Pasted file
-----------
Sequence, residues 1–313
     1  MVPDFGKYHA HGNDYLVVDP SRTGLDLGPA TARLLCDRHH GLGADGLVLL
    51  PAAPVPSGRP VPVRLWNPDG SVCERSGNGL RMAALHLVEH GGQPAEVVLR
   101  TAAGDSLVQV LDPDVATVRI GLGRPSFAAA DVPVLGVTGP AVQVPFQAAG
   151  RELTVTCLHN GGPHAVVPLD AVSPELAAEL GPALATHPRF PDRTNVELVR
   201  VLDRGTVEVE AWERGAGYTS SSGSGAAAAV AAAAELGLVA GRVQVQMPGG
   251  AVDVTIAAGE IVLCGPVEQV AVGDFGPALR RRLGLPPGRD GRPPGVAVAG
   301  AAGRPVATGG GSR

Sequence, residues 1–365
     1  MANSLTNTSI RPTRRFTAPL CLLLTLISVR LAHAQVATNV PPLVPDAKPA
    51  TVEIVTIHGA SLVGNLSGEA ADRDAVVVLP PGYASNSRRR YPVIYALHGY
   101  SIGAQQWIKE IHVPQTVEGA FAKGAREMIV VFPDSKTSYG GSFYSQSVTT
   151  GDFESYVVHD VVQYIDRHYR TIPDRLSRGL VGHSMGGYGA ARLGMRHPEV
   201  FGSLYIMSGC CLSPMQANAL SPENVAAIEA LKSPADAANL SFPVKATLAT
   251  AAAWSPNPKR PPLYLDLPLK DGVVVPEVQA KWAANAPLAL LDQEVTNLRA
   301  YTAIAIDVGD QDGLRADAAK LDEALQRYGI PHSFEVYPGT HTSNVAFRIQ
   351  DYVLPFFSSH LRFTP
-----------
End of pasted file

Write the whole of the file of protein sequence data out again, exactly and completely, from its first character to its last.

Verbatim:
Sequence, residues 1–313
     1  MVPDFGKYHA HGNDYLVVDP SRTGLDLGPA TARLLCDRHH GLGADGLVLL
    51  PAAPVPSGRP VPVRLWNPDG SVCERSGNGL RMAALHLVEH GGQPAEVVLR
   101  TAAGDSLVQV LDPDVATVRI GLGRPSFAAA DVPVLGVTGP AVQVPFQAAG
   151  RELTVTCLHN GGPHAVVPLD AVSPELAAEL GPALATHPRF PDRTNVELVR
   201  VLDRGTVEVE AWERGAGYTS SSGSGAAAAV AAAAELGLVA GRVQVQMPGG
   251  AVDVTIAAGE IVLCGPVEQV AVGDFGPALR RRLGLPPGRD GRPPGVAVAG
   301  AAGRPVATGG GSR

Sequence, residues 1–365
     1  MANSLTNTSI RPTRRFTAPL CLLLTLISVR LAHAQVATNV PPLVPDAKPA
    51  TVEIVTIHGA SLVGNLSGEA ADRDAVVVLP PGYASNSRRR YPVIYALHGY
   101  SIGAQQWIKE IHVPQTVEGA FAKGAREMIV VFPDSKTSYG GSFYSQSVTT
   151  GDFESYVVHD VVQYIDRHYR TIPDRLSRGL VGHSMGGYGA ARLGMRHPEV
   201  FGSLYIMSGC CLSPMQANAL SPENVAAIEA LKSPADAANL SFPVKATLAT
   251  AAAWSPNPKR PPLYLDLPLK DGVVVPEVQA KWAANAPLAL LDQEVTNLRA
   301  YTAIAIDVGD QDGLRADAAK LDEALQRYGI PHSFEVYPGT HTSNVAFRIQ
   351  DYVLPFFSSH LRFTP